If a domain was the proverbial needle and the Web the haystack, it would be possible to find it in a minute or less using WHOIS and its response protocol.
But in case you’re wondering why anyone should care to have such immediate access to domain data, it’s because the information can provide essential answers about website owners while enabling business and cybersecurity-related decisions.
Before digging into use cases and who it matters to, however, let’s get to the basics first. In this article, the important questions companies are asking about WHOIS, and the strategic ramifications, are explored.
What Are WHOIS Records?
Collected by registrars, WHOIS records are repositories of data about domain names and include the dates when these were registered, updated, or are due to expire.
What’s more, a WHOIS record contains the contact details — i.e., the names of individuals or organizations, physical location, phone number, and email address — of domain owners and their admin and technical staff.
What Is a WHOIS Service Provider?
Registrars gather the key points mentioned earlier from each person or organization that registers a website. This is a requirement from the Internet Corporation for Assigned Names and Numbers (ICANN) who then make records available online to anyone.
Yet the challenge with that information is its disparate nature. Every registration implies a corresponding record and a separate page for people to review — not an efficient process for businesses which employees interact with hundreds or more hosts every day.
To alleviate this problem, cybersecurity specialists may rely on one of the best WHOIS database download services, through which domain data is centralized and, therefore, directly accessible in bulk for queries.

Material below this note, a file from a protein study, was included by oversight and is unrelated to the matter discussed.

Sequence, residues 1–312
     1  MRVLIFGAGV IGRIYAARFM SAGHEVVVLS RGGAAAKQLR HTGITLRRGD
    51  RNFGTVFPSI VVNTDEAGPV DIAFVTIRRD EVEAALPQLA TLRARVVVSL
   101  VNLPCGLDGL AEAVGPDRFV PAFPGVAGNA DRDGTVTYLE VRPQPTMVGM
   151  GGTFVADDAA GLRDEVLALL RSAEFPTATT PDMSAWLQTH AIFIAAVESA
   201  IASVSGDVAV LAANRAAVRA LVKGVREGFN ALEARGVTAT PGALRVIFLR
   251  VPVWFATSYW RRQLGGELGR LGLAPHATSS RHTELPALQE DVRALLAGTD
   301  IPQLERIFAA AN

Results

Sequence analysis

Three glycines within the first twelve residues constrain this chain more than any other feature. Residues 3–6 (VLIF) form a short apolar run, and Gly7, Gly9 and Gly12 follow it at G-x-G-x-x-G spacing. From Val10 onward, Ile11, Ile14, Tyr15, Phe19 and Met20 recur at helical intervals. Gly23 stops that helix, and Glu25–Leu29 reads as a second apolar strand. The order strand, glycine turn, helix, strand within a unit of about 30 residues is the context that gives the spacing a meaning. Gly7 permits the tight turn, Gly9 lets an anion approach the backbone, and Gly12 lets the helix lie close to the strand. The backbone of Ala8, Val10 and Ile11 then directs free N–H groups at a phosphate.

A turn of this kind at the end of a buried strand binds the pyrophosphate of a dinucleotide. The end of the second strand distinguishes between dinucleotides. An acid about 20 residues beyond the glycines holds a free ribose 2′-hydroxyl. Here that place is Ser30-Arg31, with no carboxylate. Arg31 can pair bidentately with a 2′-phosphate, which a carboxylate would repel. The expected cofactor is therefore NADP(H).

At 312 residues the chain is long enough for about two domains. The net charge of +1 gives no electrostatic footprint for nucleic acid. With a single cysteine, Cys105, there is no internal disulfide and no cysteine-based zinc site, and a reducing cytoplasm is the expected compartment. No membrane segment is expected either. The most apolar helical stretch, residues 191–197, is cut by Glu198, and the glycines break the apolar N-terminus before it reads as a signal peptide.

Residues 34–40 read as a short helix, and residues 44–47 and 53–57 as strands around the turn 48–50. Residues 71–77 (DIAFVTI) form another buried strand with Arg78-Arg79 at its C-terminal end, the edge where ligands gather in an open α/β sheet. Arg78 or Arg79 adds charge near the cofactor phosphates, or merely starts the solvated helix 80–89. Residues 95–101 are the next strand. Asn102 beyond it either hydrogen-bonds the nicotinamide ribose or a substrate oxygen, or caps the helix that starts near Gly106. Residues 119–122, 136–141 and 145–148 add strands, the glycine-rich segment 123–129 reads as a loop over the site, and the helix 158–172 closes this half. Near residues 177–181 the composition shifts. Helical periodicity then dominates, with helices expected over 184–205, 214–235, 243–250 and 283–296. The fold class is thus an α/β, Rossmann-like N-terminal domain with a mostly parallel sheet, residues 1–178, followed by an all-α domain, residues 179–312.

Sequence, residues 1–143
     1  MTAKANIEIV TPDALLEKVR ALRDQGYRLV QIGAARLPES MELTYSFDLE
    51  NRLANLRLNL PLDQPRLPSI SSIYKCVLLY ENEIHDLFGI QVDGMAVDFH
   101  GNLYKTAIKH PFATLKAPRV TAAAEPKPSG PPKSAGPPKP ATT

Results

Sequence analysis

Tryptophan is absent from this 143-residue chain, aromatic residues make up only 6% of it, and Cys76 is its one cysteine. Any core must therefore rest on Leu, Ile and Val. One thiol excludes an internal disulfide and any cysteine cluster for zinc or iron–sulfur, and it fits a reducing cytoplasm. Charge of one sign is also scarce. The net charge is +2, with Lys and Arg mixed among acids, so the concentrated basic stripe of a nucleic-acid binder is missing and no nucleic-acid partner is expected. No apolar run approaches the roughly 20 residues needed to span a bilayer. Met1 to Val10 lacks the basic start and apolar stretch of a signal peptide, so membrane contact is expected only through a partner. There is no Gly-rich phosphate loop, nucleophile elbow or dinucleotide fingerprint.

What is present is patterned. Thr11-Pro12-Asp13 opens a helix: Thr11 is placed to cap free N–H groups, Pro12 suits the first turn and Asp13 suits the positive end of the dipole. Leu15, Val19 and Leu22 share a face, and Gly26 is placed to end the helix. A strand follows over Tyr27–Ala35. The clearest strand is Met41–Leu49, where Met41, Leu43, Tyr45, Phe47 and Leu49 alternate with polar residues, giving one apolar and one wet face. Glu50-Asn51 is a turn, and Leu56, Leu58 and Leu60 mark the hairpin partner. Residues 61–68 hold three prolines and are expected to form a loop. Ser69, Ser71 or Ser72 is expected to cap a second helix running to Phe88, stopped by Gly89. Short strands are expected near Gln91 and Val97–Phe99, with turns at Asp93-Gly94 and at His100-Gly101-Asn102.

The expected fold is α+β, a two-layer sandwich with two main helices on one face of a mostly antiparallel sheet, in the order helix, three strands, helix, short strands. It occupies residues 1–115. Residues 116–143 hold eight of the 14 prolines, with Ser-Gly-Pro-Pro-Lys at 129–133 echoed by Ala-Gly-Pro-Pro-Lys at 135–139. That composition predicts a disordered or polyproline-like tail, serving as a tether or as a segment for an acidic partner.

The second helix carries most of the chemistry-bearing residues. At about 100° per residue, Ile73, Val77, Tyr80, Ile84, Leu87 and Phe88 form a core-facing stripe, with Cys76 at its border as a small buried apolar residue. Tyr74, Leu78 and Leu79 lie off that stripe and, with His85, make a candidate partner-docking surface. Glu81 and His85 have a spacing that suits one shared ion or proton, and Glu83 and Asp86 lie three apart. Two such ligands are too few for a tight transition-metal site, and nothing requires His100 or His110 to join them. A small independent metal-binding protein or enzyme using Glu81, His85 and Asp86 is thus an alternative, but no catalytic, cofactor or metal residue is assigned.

What’s the Difference Between Public and Private WHOIS Data?
Public WHOIS data means that the information is displayed online to everyone precisely as it was provided at the time of registration — including names and contact points.
Private WHOIS data, on the other hand, allows registrants to mask their information, instead of showing registrar’s generic details. So why are the records of any relevance if you can choose to conceal them? Well, as a rule of thumb, respectable businesses can benefit from keeping their WHOIS data public.
For example, users can ensure they are acting with someone trustable and nothing to hide. Additionally, good-intentioned visitors may actually let your technical team know should anything be wrong with your page like a potential malware attack.
How Can WHOIS Data Be Useful?
So which professionals can benefit from the information contained in WHOIS records? Let’s review a few of them.
1. Media specialists – Journalists, influencers, bloggers, editors, and other media experts can discover newsworthy insights by tracking website domains, their connections with other domains, and the evolution of their ownership. Any scoop on sight there?
2. Online business owners – Internet marketing is all about networking, and a WHOIS lookup will get the name, business location, and contact information of relevant online merchants for possible business collaborations or negotiations.
3. Threat intelligence specialists – WHOIS data can become integral to threat intelligence efforts, among other things, to determine whether a website may have been overtaken by cybercriminals or was created purely for malicious purposes.
4. Law enforcement agents – Investigators can use WHOIS records to access cybercriminals details and locate them, gather evidence about domains and their connections to known malevolent entities, apprehend individuals involved in online malicious activities, and facilitate sentence execution.
5. Marketers – Anyone planning to launch a new product or a service can leverage WHOIS records and check if the names being considered have been used in the past and may still be associated with another product line or company.
Having access to domain data and knowing what to do with them is a big plus for a variety of experts across sectors. Learning about the best WHOIS database download services and leveraging their features can make the difference between being informed and being vulnerable.